Jockey Tony McCoy is a phenomenon. He just doesn't set records in his sport, he destroys them. He has been champion jumps jockey for 18 years in a row, has now ridden 4,000 winners, and has ridden more winners in a season than any other jockey, even those racing on the flat.
Those achievements are so incredible that he is indisputably the greatest ever performer in his chosen sport.
When he was a young man setting out on his career he idolised another Northern Ireland jockey Richard Dunwoody, who ended up riding the second greatest number of winners at 1,699.
Now McCoy, universally known as AP, will be the inspiration for countless other young men wanting to follow him in the sport of kings.
It is appropriate that we should be celebrating his achievements today when this newspaper has devoted many of its pages to bringing you stories of other inspirational people.
They are not as well known as McCoy, but they share his drive, his ability to overcome all obstacles and his desire to be the best he can. And they do it with the same modesty that he has shown throughout his career.
Often in life all we seem to hear are tales of gloom or doom, of man's inhumanity to man or of thuggish elements determined to impose their nihilistic tendencies on others.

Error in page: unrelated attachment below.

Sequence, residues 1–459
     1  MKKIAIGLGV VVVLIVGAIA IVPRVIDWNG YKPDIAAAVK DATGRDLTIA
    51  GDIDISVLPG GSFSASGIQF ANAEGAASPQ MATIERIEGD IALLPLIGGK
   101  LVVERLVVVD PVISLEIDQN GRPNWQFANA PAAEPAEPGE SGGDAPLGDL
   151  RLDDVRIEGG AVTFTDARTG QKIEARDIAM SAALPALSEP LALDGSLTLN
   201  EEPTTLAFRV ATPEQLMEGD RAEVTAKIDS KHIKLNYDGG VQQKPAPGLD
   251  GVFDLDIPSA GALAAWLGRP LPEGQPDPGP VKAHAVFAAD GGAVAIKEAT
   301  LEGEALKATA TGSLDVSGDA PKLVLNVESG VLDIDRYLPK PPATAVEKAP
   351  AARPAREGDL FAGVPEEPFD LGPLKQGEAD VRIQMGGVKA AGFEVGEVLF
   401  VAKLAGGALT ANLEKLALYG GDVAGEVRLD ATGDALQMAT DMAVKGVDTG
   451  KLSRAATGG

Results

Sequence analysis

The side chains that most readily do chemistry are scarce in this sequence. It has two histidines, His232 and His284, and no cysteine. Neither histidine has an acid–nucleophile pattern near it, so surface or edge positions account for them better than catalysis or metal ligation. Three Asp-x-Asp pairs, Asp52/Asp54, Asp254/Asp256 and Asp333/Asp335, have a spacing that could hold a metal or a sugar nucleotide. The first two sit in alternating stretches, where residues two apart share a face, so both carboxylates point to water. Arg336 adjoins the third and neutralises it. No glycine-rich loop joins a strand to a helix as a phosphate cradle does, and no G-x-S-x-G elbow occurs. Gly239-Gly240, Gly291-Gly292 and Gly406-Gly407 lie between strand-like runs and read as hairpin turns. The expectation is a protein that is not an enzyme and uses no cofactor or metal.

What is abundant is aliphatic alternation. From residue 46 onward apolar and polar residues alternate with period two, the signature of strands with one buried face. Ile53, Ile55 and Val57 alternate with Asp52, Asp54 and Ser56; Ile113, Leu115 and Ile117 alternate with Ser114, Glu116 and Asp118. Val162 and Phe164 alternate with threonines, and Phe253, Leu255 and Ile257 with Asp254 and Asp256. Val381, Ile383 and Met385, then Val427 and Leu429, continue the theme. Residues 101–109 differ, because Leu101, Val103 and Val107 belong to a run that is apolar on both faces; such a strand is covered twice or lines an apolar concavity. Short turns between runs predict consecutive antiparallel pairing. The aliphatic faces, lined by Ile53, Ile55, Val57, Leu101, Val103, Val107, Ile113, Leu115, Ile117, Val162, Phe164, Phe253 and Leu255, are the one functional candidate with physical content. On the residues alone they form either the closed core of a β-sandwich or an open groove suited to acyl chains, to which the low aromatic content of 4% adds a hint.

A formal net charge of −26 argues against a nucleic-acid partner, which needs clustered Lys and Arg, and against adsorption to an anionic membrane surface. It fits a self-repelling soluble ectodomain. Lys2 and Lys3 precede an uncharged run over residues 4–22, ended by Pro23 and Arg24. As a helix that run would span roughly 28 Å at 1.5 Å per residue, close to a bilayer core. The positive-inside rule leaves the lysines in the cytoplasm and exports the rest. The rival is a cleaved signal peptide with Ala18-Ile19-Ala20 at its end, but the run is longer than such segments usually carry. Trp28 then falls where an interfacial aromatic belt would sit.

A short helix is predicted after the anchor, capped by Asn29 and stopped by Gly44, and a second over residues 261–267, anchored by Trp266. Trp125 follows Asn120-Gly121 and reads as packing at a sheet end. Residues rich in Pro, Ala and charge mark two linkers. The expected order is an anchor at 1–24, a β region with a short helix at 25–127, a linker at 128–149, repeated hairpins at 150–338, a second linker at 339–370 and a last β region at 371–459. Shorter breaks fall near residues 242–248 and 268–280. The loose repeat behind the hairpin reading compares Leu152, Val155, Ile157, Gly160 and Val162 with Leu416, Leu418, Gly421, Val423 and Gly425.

Yet as our pages today show the world is full of everyday heroes.
They are people like David Montgomery who faced the loss from cancer of his young wife but who was determined to do something positive to commemorate her life. He has raised £55,000 for Leukaemia and Lymphoma NI to aid the charity's research work.
Or they are people like Terry Wallace whose life was spiralling out of control due to his addiction to legal highs which saw him end up in prison. Yet he was determined to kick the habit, turn his life around and make something of himself.
In his way he is as inspirational as any world leader, showing his peers that nothing is impossible with the right mindset.
Read the many other stories in this newspaper today and you will realise that some of the worries we carry around with us daily are not really that important. They are at worst transient concerns which can be easily rectified or even sort themselves out.
How would we have reacted if faced with a diagnosis of a life-threatening illness, or if we lost someone close to us, or we faced a crippling addiction? Would we have had the mental strength to face our struggles and try to find a positive outcome? Could we be inspirations to others?
Northern Ireland is often portrayed negatively in the media, yet it is full of people of whom we should be very proud. We are delighted to highlight some of them, but there are hundreds more like them, some in your street and some reading this newspaper today.